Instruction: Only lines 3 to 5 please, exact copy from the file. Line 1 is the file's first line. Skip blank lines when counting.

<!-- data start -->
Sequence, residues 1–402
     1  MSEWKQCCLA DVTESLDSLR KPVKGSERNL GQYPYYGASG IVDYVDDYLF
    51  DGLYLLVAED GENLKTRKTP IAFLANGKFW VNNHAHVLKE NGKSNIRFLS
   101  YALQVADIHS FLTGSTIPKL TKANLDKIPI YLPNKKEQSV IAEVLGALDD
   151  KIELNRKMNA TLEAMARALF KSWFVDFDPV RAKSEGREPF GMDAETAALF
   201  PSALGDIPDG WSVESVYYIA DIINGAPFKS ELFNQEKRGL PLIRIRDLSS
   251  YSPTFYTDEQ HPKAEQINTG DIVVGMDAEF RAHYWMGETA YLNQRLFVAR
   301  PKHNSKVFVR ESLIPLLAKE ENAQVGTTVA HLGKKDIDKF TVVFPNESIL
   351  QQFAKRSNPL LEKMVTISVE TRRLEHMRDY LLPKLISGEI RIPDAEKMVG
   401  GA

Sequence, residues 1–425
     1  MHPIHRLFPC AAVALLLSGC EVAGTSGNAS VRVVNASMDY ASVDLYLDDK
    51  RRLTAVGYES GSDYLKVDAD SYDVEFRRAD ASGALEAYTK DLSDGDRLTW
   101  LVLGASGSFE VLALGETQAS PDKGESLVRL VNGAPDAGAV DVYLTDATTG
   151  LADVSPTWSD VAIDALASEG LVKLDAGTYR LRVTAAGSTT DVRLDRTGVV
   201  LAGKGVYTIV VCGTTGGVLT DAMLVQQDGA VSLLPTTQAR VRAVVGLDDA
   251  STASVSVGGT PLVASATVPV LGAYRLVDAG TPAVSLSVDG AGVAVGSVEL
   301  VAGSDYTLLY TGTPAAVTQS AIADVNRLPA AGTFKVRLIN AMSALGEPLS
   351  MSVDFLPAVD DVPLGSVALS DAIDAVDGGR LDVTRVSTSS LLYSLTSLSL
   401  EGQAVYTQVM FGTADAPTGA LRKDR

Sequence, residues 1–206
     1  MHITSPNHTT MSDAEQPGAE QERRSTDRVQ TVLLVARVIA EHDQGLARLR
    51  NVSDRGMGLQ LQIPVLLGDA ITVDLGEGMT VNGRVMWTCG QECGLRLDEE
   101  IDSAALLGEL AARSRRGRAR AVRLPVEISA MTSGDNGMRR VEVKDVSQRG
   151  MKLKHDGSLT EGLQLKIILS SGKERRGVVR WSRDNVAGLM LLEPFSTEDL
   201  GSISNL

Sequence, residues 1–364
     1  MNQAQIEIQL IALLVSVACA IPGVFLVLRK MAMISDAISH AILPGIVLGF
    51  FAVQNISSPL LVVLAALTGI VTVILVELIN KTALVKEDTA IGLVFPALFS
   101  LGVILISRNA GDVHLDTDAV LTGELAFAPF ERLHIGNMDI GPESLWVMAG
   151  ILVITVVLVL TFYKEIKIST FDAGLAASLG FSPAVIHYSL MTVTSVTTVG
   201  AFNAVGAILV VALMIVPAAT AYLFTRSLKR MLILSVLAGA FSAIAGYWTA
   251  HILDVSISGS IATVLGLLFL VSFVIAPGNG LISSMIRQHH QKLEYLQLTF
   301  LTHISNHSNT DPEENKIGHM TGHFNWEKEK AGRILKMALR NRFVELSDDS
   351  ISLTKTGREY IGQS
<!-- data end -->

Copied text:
    51  DGLYLLVAED GENLKTRKTP IAFLANGKFW VNNHAHVLKE NGKSNIRFLS
   101  YALQVADIHS FLTGSTIPKL TKANLDKIPI YLPNKKEQSV IAEVLGALDD
   151  KIELNRKMNA TLEAMARALF KSWFVDFDPV RAKSEGREPF GMDAETAALF